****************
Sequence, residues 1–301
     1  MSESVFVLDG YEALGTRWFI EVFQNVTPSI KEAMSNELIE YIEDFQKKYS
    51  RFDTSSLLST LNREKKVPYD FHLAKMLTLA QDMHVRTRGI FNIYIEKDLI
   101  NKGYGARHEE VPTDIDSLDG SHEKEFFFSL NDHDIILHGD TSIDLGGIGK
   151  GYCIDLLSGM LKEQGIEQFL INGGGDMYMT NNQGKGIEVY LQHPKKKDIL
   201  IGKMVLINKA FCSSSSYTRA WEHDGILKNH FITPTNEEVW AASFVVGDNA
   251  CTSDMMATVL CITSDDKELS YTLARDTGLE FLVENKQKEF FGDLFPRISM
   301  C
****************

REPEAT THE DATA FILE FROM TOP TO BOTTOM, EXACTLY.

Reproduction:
Sequence, residues 1–301
     1  MSESVFVLDG YEALGTRWFI EVFQNVTPSI KEAMSNELIE YIEDFQKKYS
    51  RFDTSSLLST LNREKKVPYD FHLAKMLTLA QDMHVRTRGI FNIYIEKDLI
   101  NKGYGARHEE VPTDIDSLDG SHEKEFFFSL NDHDIILHGD TSIDLGGIGK
   151  GYCIDLLSGM LKEQGIEQFL INGGGDMYMT NNQGKGIEVY LQHPKKKDIL
   201  IGKMVLINKA FCSSSSYTRA WEHDGILKNH FITPTNEEVW AASFVVGDNA
   251  CTSDMMATVL CITSDDKELS YTLARDTGLE FLVENKQKEF FGDLFPRISM
   301  C